The Body as Metaphor; Untying Knots

More Thich Nhat Hanh:

There is a term in Buddhist psychology that can be translated as “internal formations,” “fetters,” or “knots.” When we have a sensory input, depending on how we receive it, a knot may be tied in us. When someone speaks unkindly to us, if we understand the reason and do not take his or her words to heart, we will not feel irritated at all, and no knot will be tied. But if we do not understand why we were spoken to that way and we become irritated, a knot will be tied in us. The absence of clear understanding is the basis for every knot.
   If we practice full awareness, we will be able to recognize internal formations as soon as they are formed, and we will find ways to transform them. For example, a wife may hear her husband boasting at a party, and inside herself she feels the formation of a lack of respect. If she discusses this with her husband, they may come to a clear understanding, and the knot in her will be untied easily. Internal formations need our full attention as soon as they manifest, while they are still weak, so that the work of transformation is easy.
   If we do not untie our knots when they form, they will grow tighter and stronger. Our conscious, reasoning mind knows that negative feelings such as anger, fear, and regret are not wholly acceptable to ourselves or society, so it finds ways to repress them, and push them into remote areas of our consciousness in order to forget them. Because we want to avoid suffering, we create defense mechanisms that deny the existence of these negative feelings and give us the impression we have peace within ourselves. But our internal formations are always looking for ways to manifest as destructive images, feelings, thoughts, words, or behavior.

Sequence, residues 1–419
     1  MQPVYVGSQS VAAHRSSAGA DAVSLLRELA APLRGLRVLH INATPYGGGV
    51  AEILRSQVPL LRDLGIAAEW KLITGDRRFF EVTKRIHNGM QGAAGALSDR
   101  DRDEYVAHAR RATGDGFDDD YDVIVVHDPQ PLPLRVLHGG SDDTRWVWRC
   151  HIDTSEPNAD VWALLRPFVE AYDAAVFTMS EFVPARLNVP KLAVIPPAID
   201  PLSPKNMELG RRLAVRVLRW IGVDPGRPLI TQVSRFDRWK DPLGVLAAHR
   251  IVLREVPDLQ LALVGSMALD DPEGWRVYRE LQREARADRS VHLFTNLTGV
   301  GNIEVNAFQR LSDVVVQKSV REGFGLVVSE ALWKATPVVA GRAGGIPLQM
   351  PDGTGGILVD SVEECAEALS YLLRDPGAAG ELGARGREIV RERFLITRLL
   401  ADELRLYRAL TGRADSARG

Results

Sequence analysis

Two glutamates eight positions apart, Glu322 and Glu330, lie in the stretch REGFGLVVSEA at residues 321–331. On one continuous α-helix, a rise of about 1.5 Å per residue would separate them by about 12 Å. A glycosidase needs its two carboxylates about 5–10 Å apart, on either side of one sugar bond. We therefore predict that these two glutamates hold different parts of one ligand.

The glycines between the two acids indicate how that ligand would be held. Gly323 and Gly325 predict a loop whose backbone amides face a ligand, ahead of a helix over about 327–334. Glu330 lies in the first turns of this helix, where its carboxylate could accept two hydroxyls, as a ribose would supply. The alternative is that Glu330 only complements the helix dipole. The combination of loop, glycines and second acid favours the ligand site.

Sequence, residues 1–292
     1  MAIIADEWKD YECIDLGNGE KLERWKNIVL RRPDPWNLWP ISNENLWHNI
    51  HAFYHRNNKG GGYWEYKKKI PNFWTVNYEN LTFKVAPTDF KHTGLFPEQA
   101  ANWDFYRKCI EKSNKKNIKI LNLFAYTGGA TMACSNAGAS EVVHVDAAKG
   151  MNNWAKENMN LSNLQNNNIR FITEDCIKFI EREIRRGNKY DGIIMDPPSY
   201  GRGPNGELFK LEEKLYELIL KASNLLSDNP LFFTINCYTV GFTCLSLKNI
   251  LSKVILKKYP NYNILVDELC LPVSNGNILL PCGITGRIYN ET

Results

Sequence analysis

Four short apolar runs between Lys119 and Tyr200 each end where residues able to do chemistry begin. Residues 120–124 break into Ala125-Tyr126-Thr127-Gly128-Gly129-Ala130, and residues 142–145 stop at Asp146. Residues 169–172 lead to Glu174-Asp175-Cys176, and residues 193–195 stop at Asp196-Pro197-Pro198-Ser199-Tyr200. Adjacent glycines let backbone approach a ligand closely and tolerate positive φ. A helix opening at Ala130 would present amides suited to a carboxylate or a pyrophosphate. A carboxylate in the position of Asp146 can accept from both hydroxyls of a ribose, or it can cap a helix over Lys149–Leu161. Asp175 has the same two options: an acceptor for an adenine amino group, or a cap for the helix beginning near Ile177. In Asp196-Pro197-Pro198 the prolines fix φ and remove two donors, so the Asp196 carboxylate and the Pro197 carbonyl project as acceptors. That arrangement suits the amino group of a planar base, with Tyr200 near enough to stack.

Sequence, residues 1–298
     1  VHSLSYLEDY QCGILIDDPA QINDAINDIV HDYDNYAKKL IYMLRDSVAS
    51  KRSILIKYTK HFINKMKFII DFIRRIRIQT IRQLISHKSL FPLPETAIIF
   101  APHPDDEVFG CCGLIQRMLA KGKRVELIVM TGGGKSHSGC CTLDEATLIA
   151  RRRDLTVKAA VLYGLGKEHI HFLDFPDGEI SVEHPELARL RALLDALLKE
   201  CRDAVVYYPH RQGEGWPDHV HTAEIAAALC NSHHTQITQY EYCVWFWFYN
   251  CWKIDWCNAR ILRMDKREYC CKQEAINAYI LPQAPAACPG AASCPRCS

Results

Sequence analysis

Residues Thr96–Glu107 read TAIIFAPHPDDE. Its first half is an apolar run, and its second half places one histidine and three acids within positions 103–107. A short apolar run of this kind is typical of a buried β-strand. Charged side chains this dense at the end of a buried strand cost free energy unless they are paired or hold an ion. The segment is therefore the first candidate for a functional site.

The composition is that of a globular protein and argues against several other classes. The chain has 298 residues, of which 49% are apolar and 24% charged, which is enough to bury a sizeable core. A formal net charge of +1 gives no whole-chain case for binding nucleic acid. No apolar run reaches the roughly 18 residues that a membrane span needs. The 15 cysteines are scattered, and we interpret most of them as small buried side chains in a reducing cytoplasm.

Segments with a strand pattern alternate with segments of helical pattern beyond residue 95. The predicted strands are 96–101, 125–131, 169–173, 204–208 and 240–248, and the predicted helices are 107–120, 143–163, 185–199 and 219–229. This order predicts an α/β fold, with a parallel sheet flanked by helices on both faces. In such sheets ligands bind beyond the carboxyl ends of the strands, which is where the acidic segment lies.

The way to deal with unconscious internal formations is, first of all, to find ways to become aware of them. By practicing mindful breathing, we may gain access to some of the knots that are tied inside us. When we are aware of our images, feelings, thoughts, words, and behavior, we can ask ourselves questions such as: Why did I feel uncomfortable when I heard him say that? Why did I say that to him? Why do I always think of my mother when I see that woman? . . . . Observing closely like this can gradually bring the internal formations that are buried in us into the realm of the conscious mind.
   During sitting meditation, after we have closed the doors and windows of sensory input, the internal formations buried inside us sometimes reveal themselves as images, feelings, or thoughts. We may notice a feeling of anxiety, fear, or unpleasantness whose cause we cannot understand. So we shine the light of our mindfulness on it, and prepare ourselves to see this image, feeling, or thought, in all its complexity. When it begins to show its face, it may gather strength and become more intense. We may find it so strong that it robs us of our peace, joy, and ease, and we may not want to be in contact with it anymore. We may want to move our attention to another object of meditation or discontinue the meditation altogether; we may feel sleepy or say that we prefer to meditate some other time. In psychology, this is called resistance. We are afraid to bring into our conscious mind the feelings of pain that are buried in us, because they will make us suffer. But if we have been practicing breathing and smiling for some time, we will have developed the capacity to sit still and just observe our fears. As we keep in contact with our breathing and continue to smile, we can say, “Hello, Fear. There you are again.” . . . .
   If we know how to live every moment in an awakened way, we will be aware of what is going on in our feelings and perceptions in the present moment, and we will not let knots form or become tighter in our consciousness. And if we know how to observe our feelings, we can find the roots of long-standing internal formations and transform them, even those that have become quite strong.